Sunday, October 04, 2015
Drug Stores at Hancock and East Monroe Street
From about 1880 until shortly before his death in 1933, Lewis A. Biehl operated a drugstore at the northwest corner of Hancock and East Monroe Streets. In the 1920s, an ice cream parlor was in the drugstore, making it convenient for customers to have a soda while they waited for their prescriptions to be filled. The early customers of Mr. Biehl arrived on foot, or by horse and buggy. From the 1890s to the 1930s, they could visit his drug store via the streetcar. By 1920 a Pennzoil service station was located kitty-corner to the Biehl store, at the southeast corner of Hancock and East Monroe Streets.
The Biehl drugstore was included in the listing of Sandusky neighborhood drugstores in this advertisement from the September 23, 1928 issue of the Sandusky Register.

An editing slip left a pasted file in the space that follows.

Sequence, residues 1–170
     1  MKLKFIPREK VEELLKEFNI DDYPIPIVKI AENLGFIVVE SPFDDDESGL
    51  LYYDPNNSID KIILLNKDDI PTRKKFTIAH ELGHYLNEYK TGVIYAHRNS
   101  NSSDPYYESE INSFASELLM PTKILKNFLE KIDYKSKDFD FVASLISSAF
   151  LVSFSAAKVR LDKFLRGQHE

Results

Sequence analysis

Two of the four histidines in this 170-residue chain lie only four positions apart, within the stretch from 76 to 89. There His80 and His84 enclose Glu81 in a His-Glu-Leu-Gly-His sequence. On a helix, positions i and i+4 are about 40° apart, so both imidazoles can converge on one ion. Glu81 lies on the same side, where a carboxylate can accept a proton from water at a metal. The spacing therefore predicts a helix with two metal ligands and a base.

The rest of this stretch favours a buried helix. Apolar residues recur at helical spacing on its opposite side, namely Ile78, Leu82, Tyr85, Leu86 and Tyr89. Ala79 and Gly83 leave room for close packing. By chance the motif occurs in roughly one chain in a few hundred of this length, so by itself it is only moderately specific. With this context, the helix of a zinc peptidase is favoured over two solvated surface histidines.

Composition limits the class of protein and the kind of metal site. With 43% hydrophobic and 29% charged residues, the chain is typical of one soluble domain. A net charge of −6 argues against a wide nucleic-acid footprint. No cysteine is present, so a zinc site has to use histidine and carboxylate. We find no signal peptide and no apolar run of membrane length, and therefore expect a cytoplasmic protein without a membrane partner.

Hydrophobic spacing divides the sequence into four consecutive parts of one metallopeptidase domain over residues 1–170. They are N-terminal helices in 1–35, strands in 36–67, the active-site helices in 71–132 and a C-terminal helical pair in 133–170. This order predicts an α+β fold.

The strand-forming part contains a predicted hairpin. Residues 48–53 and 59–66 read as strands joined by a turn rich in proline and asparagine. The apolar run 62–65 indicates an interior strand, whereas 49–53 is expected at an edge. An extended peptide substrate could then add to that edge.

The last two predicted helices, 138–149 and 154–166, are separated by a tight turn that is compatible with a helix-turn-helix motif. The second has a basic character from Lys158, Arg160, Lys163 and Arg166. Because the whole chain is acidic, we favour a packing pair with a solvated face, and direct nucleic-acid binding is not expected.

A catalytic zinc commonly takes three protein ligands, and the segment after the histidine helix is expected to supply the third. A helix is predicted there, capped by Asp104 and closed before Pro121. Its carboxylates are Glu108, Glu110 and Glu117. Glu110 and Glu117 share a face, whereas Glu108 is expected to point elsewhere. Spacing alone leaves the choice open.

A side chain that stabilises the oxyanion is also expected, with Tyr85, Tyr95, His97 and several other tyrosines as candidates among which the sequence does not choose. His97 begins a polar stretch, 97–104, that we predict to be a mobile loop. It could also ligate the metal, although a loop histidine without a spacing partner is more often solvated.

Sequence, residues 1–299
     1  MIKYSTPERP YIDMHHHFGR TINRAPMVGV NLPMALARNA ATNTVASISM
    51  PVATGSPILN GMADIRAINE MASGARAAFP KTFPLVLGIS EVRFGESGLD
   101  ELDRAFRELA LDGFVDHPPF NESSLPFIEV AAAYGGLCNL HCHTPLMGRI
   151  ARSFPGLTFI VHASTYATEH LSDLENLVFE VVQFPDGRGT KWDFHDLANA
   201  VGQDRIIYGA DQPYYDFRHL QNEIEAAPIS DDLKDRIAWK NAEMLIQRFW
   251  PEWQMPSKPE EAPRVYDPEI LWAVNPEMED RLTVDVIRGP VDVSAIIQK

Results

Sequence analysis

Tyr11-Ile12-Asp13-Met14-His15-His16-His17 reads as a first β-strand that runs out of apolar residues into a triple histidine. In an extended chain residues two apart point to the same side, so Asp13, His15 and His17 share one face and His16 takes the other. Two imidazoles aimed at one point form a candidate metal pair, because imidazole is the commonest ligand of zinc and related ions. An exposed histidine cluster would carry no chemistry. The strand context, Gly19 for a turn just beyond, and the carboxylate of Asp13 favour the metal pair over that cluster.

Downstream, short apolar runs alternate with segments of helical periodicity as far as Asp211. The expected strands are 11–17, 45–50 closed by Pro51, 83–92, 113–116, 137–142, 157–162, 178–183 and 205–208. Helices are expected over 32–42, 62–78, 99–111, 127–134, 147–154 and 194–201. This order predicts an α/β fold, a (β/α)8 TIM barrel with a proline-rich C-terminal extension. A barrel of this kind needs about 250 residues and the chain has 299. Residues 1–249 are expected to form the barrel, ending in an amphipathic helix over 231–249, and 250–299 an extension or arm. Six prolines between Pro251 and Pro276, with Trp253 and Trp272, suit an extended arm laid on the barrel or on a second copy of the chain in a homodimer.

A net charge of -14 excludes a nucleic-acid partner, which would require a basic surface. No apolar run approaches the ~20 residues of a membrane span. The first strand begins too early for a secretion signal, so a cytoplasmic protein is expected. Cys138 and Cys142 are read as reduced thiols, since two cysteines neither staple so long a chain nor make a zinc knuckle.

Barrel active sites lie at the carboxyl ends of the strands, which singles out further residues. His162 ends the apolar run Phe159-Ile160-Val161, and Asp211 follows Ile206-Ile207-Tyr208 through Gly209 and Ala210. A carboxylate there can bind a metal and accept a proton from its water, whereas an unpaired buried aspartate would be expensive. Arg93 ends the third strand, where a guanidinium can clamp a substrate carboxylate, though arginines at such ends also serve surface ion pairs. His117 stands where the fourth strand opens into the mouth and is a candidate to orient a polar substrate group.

Just as in the case of grocery stores, there were drugstores in most Sandusky neighborhoods in the late 1800s and early 1900s, before it was the norm for most families to own an automobile. The ad from 1928 suggested that if a person had a cold, a quick visit to the neighborhood druggist could help prevent pneumonia. The Sandusky Star Journal of July 28, 1939 reported that Harry J. Fisher would soon be having the grand opening of his drugstore at the building formerly occupied by the Lewis A. Biehl drugstore. Mr. Fisher had remodeled the building, and moved the entrance to the Hancock Street side of the building. (The Fisher drugstore had previously been on West Washington Street.) All vistors to the newly remodeled Fisher Drug store received a souvenir. Below is a picture of the Fisher Drug store in 1955.
By 1957, Earl McGookey was the proprietor of the Fisher Drug Store. Eventually the drugstore became known as the Fisher-Buderer Drug Company. Today, the company is the Buderer Drug Company, a compounding pharmacy with locations in Sandusky, Avon and Perryburg. At GoogleMaps, you can see a recent picture of the intersection of Hancock and East Monroe Street.